"Inflicting severe punishment and using mental humiliation on children have adverse effects such as loss of self-esteem and personality changes with ramifications on adult life," Sinniah wrote in a paper titled Teachers - A High Risk Group for Violence on Children which was presented at the Third Asian Conference of Child Abuse and Neglect held in Kuala Lumpur in 1993.

Some experts may be against caning but many teachers still swear by it.

The Suhakam probe found that 79.5 per cent of teachers and 71.8 per cent of administrators agreed that persistent offenders should be caned.

Over the years, there have been several pleas from the public for the power to cane to be extended to regular teachers.

When the New Straits Times carried out an informal survey on caning in 1996, parents and teachers who called its office sounded a resounding "yes" to the suggestion.

Last October, the Education Ministry allowed teachers other than headmasters, principals and those involved in disciplining students to use the cane.

The decision followed the rise in cases of assault on teachers and gangsterism by schoolchildren which were widely publicised by the media between last August and September.

It was recommended that only suitable teachers were empowered to cane students. Ideally, they should have at least 10 years of teaching experience and married with children.

Yet, until today, schools have not received any formal circular from the Ministry allowing school heads to permit regular teachers to use the cane, says National Union of the Teaching Profession secretary-general Lok Yim Pheng.

Teachers who are fed up with the rising cases of indiscipline in schools say caning is justified.

At the recent seminar, a principal of a school in Klang Valley said she was forced to cane two students that week as they had deliberately vandalised school property.

Students who engage in vandalism are infringing Article 17 of the Universal Declaration of Human Rights which is the right of a school to own property. In destroying school's property, students are depriving the school of it.

Another educator, a former principal who once taught at a rural school, also admitted to caning a student for constantly coming late despite staying just a stone's throw away from school.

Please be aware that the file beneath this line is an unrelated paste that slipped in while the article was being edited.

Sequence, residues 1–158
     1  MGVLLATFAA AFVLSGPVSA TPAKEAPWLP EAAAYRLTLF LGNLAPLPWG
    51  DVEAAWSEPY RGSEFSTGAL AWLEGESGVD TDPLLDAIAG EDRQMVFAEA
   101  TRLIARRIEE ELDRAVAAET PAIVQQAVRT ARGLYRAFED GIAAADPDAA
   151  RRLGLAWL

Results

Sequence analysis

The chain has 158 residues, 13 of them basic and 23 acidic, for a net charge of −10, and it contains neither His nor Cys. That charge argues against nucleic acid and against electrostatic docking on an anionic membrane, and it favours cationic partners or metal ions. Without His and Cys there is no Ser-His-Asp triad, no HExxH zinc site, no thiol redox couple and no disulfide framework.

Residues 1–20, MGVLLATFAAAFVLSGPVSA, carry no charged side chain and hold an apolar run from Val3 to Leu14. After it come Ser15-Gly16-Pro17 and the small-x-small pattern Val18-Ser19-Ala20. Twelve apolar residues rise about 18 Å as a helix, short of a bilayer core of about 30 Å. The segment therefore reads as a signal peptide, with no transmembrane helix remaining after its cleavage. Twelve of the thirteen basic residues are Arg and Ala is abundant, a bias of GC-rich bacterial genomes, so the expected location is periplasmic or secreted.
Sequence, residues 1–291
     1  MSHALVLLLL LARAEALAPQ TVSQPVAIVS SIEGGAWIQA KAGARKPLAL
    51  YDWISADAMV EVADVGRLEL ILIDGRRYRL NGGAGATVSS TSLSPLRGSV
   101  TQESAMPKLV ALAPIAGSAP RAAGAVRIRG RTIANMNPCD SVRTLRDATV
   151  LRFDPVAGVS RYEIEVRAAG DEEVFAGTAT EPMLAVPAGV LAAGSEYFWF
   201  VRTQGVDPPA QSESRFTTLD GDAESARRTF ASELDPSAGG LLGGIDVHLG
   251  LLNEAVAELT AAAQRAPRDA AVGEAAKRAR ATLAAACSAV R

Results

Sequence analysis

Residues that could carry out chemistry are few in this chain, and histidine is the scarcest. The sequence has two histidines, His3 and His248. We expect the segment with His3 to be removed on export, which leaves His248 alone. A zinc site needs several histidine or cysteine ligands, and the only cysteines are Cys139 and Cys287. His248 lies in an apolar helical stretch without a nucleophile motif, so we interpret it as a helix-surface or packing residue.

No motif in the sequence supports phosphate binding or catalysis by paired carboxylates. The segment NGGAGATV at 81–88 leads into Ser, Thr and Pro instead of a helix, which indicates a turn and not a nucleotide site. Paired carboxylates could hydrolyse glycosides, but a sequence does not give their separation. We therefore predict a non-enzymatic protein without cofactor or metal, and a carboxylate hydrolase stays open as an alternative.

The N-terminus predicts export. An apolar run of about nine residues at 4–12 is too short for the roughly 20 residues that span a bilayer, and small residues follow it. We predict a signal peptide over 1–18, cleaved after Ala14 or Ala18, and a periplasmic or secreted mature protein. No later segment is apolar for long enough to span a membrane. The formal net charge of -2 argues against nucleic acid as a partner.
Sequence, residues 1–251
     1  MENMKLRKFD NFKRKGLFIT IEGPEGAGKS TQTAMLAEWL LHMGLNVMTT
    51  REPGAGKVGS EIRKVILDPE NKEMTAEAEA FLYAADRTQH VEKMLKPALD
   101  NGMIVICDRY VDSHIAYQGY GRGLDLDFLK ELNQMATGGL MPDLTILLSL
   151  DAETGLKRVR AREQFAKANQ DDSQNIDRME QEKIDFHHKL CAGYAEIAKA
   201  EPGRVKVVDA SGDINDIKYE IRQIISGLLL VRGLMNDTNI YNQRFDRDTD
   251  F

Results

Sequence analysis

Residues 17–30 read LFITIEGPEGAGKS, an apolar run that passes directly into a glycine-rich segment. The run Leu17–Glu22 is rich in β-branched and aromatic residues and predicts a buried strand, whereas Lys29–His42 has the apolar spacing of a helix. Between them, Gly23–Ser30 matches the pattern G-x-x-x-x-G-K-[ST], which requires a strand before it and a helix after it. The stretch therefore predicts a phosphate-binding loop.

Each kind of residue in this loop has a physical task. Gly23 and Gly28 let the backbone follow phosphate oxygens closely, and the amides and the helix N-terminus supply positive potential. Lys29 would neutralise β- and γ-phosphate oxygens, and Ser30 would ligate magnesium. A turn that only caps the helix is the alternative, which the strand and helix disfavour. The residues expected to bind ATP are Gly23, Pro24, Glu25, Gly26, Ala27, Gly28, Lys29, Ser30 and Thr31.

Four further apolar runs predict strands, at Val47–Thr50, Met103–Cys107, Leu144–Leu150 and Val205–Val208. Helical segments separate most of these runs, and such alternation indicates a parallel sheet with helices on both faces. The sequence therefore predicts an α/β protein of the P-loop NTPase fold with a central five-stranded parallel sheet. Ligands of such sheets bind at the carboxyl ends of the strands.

"I did it to give him a jolt. It worked," said the former principal.

NUTP's Lok concedes that there are other ways of disciplining a student. These include imposing fines and sending students to detention class.

"Some schools have even made parents sign a pledge to ensure that their children do not misbehave," she adds.

But what if a student fails to respond to lenient forms of punishments? When push comes to shove, Lok says principals and headmasters should use the rod professionally and with compassion.

"The disciplinary action should be meted out as a corrective measure and not to cause injuries. A student must be told why the school has decided to cane him," says Lok.

Even so, caning should be the penalty of last resort and reserved for absolute hardcore cases. It should never be done publicly, stresses Lok.

She trusts that school heads have weighed all other options before deciding on the cane.

"They have been trained to administer disciplinary actions properly. In fact, the Ministry has supplied schools with guidelines on the correct way of disciplining students," she says.

But not all schools adhere religiously to the guidebook. The Suhakam probe exposed that girls were also not spared the rod. Almost seven per cent of female respondents from girls schools had reported this.

"This finding is surprising as the law clearly states that girls cannot be caned," says Chiam.

As for boys, the law says they can only be caned on their palms and buttocks. They must also be wearing proper attire when the caning takes place.

Cases of girls being caned may be isolated ones. Nevertheless, it underscores the need for teachers, administrators and students to be educated on human rights, particularly the rights of the child.

Still, schools cannot turn a blind eye to indiscipline in the name of respecting the CRC, as Lok notes.

"We cannot keep protecting the child if he or she continues to do the wrong things," she says.

Lok hopes that teachers will be given adequate legal protection in the event that they are taken to court by disgruntled parents.

For the sake of the youngsters, a middle ground must be found.